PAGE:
2008/05/20

Organizing a 24h support team

In the changing world of information technology, each technician has received a different training and has had different experiences that progressively specialize him or her. But the support of complex systems requires versatile people who have knowledge in a wide range of subjects although not necessarily very deep. The question of the on-call service complicates the fulfillment of their work. Given the impossibility of having the entire team on duty, it is necessary that each of them has the minimum knowledge to resolve as many incidents as possible.

Client: a service company

Need: to create a support team with young staff with little or no experience, who could maintain a system of attention to breakdowns and provide 24h support.

Previous situation: the support was distributed between the company that had designed the system and the company that maintained it. They wanted to stop relying on the developer company for maintenance.

System description: The core of the system consisted of an HP cluster with Service Guard. With a distributed Oracle DBMS, Windows client applications and web servers based on Java servlets.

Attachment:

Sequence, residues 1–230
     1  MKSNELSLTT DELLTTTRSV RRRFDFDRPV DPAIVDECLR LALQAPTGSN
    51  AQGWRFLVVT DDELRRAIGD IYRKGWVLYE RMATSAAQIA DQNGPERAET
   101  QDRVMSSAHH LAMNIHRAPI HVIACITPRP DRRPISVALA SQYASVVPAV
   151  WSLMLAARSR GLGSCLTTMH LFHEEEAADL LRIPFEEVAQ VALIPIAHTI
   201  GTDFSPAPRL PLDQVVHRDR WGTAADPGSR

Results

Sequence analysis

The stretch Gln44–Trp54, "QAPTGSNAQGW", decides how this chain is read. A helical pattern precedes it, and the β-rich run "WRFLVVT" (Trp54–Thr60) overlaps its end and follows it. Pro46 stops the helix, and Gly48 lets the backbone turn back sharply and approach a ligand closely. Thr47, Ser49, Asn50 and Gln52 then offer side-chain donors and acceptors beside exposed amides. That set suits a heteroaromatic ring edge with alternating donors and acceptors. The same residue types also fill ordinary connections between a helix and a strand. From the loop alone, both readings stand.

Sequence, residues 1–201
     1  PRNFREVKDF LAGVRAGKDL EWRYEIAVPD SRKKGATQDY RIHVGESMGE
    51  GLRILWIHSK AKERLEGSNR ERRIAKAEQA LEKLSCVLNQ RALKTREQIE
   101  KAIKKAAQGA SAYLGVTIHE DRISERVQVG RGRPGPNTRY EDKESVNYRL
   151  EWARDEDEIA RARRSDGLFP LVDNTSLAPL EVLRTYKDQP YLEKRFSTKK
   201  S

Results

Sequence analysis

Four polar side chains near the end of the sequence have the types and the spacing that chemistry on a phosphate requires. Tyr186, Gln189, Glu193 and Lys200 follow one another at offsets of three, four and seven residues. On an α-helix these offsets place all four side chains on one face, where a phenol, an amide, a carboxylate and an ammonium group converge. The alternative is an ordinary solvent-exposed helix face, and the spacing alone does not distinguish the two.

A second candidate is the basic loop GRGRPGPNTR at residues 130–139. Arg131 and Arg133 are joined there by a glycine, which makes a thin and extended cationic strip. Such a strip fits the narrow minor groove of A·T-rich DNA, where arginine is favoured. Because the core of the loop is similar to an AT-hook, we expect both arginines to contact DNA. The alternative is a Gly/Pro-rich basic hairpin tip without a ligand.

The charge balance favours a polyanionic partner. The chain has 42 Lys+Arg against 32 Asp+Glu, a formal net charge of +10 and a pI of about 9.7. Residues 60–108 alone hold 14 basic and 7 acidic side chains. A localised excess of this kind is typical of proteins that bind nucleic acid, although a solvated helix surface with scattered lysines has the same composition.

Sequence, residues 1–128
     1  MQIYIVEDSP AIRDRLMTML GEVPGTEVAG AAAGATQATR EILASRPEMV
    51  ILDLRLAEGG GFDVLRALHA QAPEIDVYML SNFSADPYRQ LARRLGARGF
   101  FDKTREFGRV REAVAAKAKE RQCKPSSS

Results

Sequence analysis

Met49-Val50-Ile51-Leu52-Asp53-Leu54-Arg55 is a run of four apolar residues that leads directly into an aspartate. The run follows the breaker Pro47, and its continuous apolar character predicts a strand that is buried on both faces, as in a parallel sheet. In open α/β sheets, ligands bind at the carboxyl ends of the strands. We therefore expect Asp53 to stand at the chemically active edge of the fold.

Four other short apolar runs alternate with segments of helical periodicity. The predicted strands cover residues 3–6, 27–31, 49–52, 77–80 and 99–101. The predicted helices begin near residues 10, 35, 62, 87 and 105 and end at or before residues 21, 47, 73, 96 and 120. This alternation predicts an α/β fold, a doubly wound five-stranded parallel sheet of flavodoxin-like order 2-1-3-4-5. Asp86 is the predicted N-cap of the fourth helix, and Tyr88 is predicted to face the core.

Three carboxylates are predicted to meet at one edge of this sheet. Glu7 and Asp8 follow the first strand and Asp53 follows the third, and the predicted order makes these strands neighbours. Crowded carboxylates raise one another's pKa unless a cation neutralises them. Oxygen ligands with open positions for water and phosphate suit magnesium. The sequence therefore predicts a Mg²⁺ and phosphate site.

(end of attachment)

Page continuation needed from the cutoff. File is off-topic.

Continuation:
Implementation: Initially each of the technicians was responsible for some tasks depending on their training and experience. They were trained through workshops in which they learned how the system worked from the point of view of maintenance: clusters, Oracle DB, replicated tables, distributed queries, Unix servers, etc.. At the same time all problems that arose were included in a document and they were accustomed to consult and maintain it. A series of DB queries and Unix scripts were developed to check that everything was going well. Every morning every member of the team checked the result, to make sure they understood it. Each of them had to know what the others were doing so they rotated to exchange tasks. In order to facilitate night on-call work, an automatic query system was designed with BMC Performance Manager (Patrol), based on the aforementioned queries, which tirelessly explored the system and sent messages to the on-call mobile as soon as something abnormal was detected. Perhaps the main problem was the initial stress of the technicians to carry alone at night the responsibility of all the support of the system, but the fact of having gone through all the possible tasks during the day was progressively giving them enough confidence to reduce it.

Project cost: 400 days x 14 technicians

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